Although the Mobilian Native Americans were friendly, other Native American tribes, such as the Alabama tribe, frequently attacked the fort as well as hunting or scouting parties. Primarily through the efforts of Henri de Tonti, the French became adept with Native American diplomacy. Bienville used entertainment and gifts to purchase Native American loyalty and to establish an alliance against the English. In 1700, the French signed an alliance with the Choctaw tribe. In 1702, the French were able to temporarily reconcile the Choctaws and Chickasaws just before the resumption of hostilities between the English and French. Additionally, the French interacted with the Apalachee, Tomeh, Chato, Oumas, and Tawasa tribes. The interaction was detrimental to the regional Native American population which dropped from 5,000 in 1702 to 2,000 in 1711 due primarily to smallpox and other diseases introduced by the colonists.
Iberville left the region for the last time in June 1702. He subsequently recommended to the French government that one hundred "young and well-bred" women be sent to Mobile to marry the Canadians and increase the population by bearing children. In 1704, the women (selected from orphanages and convents) along with more soldiers and supplies departed La Rochelle aboard the Pélican. After a harrowing trip across the Atlantic Ocean, passengers were infected with yellow fever in Havana. As the feverish and sick began to die, the Pélican arrived at Massacre Island. The "twenty-three virtuous maidens," later to become known to history as "casquette girls", and their chaperones, "two grey nuns", finally arrived at Fort Louis. Their arrival was not "the glorious occasion that either the inhabitants of Mobile or the young women from Paris had envisioned". The young women were not prepared for the primitive wilderness. The hierarchy of French society remained present, as social prejudices in the settlement, and prevented development of the cooperative spirit necessary for success under the conditions of the colony. Missing the luxuries of France (such as French bread) and resenting the realities of the colony (such as cornbread), the women engaged in a "Petticoat Revolution" that "taxed Bienville's patience and ingenuity." However, the French government continued to send women to boost the population. The women were often referred to as "casquette girls" in reference to the small trunks called "cassettes" in French, in which some of the women brought their possessions.
The yellow fever epidemic claimed the lives of both Charles Levasseur and Henri de Tonti. The deaths represented a great loss to Bienville and the settlement. Upon the death of Iberville to yellow fever in Havana in July 1706, Bienville became governor of Louisiana at the age of 27. Although he had only spent a total of 25 days in the settlement, the death of Iberville was a blow to the colony since he had represented the concerns of Louisiana in Europe and was able to win concessions for the struggling town from the French court.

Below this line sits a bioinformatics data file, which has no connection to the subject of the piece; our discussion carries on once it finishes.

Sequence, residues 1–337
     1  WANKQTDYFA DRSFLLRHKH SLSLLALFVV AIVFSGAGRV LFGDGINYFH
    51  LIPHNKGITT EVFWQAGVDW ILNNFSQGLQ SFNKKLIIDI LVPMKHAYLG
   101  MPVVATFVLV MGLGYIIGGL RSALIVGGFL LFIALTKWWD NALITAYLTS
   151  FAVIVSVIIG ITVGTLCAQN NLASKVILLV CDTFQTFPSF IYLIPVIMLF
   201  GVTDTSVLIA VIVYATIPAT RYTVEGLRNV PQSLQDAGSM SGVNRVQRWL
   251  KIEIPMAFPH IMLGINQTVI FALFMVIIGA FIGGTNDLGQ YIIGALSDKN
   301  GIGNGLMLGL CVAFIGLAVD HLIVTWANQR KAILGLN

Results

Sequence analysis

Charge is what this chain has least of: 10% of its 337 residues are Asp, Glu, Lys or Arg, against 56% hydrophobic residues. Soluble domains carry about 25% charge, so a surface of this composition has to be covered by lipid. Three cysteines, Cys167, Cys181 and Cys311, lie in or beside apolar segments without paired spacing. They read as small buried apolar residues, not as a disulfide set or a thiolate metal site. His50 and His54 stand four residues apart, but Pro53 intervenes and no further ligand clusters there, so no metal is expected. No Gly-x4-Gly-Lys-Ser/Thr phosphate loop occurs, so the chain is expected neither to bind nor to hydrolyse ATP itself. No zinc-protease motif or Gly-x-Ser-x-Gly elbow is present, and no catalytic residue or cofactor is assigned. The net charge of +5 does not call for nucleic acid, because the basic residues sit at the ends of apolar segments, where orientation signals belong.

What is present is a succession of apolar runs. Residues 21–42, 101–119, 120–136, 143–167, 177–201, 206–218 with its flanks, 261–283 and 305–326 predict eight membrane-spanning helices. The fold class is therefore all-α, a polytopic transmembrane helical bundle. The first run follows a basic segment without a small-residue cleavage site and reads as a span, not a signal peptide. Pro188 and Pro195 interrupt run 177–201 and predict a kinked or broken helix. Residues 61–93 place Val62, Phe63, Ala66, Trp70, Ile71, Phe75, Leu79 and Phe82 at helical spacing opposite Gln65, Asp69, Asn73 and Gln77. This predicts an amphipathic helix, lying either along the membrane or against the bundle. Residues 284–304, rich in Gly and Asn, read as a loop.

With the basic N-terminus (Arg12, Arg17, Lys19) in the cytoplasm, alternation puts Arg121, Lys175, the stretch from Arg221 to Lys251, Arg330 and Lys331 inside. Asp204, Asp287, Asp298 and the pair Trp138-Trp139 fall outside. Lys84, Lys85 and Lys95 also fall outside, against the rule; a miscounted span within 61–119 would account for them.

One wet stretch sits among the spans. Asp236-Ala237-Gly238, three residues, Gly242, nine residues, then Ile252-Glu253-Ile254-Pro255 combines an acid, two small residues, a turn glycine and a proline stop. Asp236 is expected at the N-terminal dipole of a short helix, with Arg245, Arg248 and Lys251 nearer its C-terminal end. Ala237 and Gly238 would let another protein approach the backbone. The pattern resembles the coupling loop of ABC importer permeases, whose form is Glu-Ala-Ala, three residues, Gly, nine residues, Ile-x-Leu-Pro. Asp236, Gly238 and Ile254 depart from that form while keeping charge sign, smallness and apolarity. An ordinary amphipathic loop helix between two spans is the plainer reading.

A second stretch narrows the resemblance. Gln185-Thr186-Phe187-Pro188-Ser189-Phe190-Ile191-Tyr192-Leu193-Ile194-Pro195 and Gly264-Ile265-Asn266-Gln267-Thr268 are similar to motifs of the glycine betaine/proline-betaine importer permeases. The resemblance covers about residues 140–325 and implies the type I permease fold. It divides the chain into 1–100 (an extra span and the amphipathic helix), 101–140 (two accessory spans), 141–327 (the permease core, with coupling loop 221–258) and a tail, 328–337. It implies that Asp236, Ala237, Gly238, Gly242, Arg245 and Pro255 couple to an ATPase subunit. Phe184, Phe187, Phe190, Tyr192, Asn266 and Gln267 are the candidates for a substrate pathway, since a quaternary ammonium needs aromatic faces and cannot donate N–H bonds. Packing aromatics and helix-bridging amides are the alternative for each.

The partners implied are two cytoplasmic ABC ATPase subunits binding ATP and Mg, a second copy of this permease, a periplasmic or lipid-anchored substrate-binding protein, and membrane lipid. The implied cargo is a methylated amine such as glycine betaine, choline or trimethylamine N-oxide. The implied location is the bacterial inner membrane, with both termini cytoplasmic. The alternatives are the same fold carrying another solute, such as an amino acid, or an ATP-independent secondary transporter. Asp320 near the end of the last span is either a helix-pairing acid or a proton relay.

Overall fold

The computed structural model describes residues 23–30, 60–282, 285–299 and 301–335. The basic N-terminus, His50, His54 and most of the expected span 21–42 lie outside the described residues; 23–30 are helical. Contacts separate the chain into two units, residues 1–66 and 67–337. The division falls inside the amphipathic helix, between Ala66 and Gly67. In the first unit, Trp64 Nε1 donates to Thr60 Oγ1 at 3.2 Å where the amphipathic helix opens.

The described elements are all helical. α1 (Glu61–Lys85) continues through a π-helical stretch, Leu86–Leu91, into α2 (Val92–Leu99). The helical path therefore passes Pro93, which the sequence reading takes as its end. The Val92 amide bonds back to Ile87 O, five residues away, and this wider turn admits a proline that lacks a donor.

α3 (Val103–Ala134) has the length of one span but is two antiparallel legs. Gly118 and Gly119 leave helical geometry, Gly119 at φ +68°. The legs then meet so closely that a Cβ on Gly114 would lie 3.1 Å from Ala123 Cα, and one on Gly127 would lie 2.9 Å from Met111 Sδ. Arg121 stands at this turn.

After Iberville's death, Jérôme Phélypeaux de Maurepas de Pontchartrain, minister for North American colonial affairs under King Louis XIV, received complaints from Henri Roulleaux de La Vente, curé of Old Mobile, and Nicolas de La Salle, keeper of the royal warehouse, regarding questionable trading practices of the Le Moyne brothers to the detriment of the colony. Based on the accusations, Pontchartrain appointed Nicolas Daneau, sieur de Muy as the new governor of Louisiana and Jean-Baptiste-Martin D'artaguiette d'Iron as a special commissioner to investigate the charges. The new governor died at sea before reaching Mobile. Although Dartaguiette d'Iron did reach Mobile, he was unable to substantiate the charges against the Le Moyne brothers and Bienville remained in charge of Louisiana.
By 1708, Bienville realized the growing English threat to the fledgling colony at Mobile, having received news of raids by English colonists against Spanish missions in Florida which had reduced Spain's Floridian presence to the colonial settlement of St. Augustine. Suspecting that the English would soon launch an expedition against Mobile, Bienville undertook steps to strengthen the settlement's defences. In the first week of May 1709, the Alabama tribe, who were allied with the English, attacked a village of the Mobilian tribe thirteen miles (21 km) north of Old Mobile. The Mobilians were able to drive the attacking Alabama tribesmen away, however.
The occupants of the settlement began to complain about its location. Particularly, they felt that the settlement was too far from the bay and that the land was too poorly drained, requiring several weeks after each rain for the standing water to drain.
Abandonment of Old Mobile site